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Lavender, Motorcycles and Prison


It’s hard to believe that half the summer has slipped away and I’m a month behind with my posts. Guess that means we’ve been busy! I now offer a summary of what we’ve been up to.

1. Something to improve My Quality of Living While in the Motor Home

The installation of a new refrigerator in the motor home was exciting for me, and I was happy with the results when we spent a weekend in nearby Preston Springs at the Country Jamboree. We decided to try a house fridge instead of the usual two-way models used in most motor homes, mainly because the very hot, direct sunlight in the spring in Arizona sometimes causes freezing on those, and because the gas components take up a lot of space that I’d rather have for inside fridge space. Household models are also much less expensive than new motor home models. Since we already had a voltage inverter in the motor home, Jim just had to run wiring to reach from it to the fridge outlet, and install a switch so that we can use the coach batteries to power it when we are on the move, and then switch to 110 volts when we are plugged in at an RV Site. It was a bigger job than expected, but worth it.

 

2. Lavender Fields

In mid-July I made a trip to Campbellcroft to meet my Red Hat friends at the Lavender Fields, but  by the time we all arrived, heavy rain and the threat of thunder storms chased us away to the nearest shopping area and an indoor lunch.

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I was disappointed that I couldn’t get any pictures of the fields, so Jim and I took a drive out a few days later. There were so many people there that day, it was still difficult to get good unobstructed shots, but here are a couple.

 

3. A Motorcycle Ride to Picton

Last week, instead of playing pickle ball on a Wednesday afternoon, we joined our friends Steve and Sue on one of the few motorcycle rides we’ve taken this year. We left Hastings at 10:30 in the morning, expecting to be gone a couple of hours, but having no particular destination. By the time we stopped for lunch at 1:00 pm, we were in Picton in Prince Edward County, having explored many country roads and covered many more miles than anticipated. Picton is an interesting community that is heavily populated with tourists and cottagers during the summer months and well worth checking out if you are in the area. We reached it via Hwy. 49, but after lunch we took the Ferry across the bay to Glenora and drove along the shore of Lake Ontario before turning back north through the towns of Napanee and Tamworth, then cutting back west to Campbellford and home. That was the longest bike ride I’ve been on since my hip replacement almost a year ago, and I have to admit that I enjoyed the scenery and the perfect riding weather, but my joints and muscles were a tad sore when we finally got off at nearly 3:00 pm!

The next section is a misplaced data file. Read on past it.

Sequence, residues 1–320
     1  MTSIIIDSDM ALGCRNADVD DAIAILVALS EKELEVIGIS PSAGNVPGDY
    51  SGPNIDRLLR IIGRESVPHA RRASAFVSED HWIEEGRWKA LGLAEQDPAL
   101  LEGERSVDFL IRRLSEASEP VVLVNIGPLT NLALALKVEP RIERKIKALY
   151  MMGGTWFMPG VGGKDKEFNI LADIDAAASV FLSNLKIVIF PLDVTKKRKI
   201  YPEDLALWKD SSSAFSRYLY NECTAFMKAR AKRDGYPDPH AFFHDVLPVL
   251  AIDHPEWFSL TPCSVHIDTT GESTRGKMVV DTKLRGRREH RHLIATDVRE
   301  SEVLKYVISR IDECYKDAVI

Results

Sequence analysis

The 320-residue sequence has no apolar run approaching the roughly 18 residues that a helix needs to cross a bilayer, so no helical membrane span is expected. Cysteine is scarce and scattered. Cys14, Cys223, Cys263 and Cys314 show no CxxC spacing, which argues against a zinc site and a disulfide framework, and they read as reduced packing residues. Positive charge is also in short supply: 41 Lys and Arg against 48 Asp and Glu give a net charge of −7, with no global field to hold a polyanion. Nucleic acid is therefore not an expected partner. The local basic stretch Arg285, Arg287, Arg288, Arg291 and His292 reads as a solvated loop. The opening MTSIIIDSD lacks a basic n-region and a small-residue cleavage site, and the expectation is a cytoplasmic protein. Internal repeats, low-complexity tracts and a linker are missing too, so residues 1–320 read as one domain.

4. A Tour of Kingston Penitentiary

This past weekend we went to Kingston to tour the Kingston Penitentiary, which ceased operations on September 30, 2013, and was opened to the public just last year. I wasn’t sure how much I’d enjoy it, but the hour and a half passed very quickly. We were amazed by what we learned about this, the first British North American penitentiary, which sits on 8.6 hectares of land on King Street. It was constructed through 1833 and 1834 and officially opened on June 1, 1835 with the arrival of the first six inmates. Our various tour guides, many of whom are retired guards or wardens, explained the operation, the security systems, the routines, and enlightened us with stories of riots, escapes, work crews, rehab programs and building updates. It was well worth the $25 price of admission.

 

After a visit with family in Brockville over the next couple of days, we stopped in Napanee on our way home to have a lovely lunch with friends on the riverside outdoor patio of a relatively new restaurant that wasn’t there when I used to live in Napanee. How things change in thirteen years!

 

Next week I’m flying out to British Columbia for three weeks to visit with some more of my family. Because they are spread from southern BC to Vancouver to the Gulf Islands, it has been a challenge arranging the various modes of transportation needed. It will be an adventure. Stay tuned!

Six Days, Seven States, 2,110 Miles


I said that I would keep you posted along our journey to Arizona, but that hasn’t worked out so well. We are in Holbrook Arizona tonight and will be in Mesa tomorrow, so I’ll give you a synopsis of our travels during the last six days.

Since we have driven this route several times, and this time we aren’t taking time for any sightseeing, there isn’t too much to share with you. The things that have made this an adventure this time are the inconveniences that have occurred.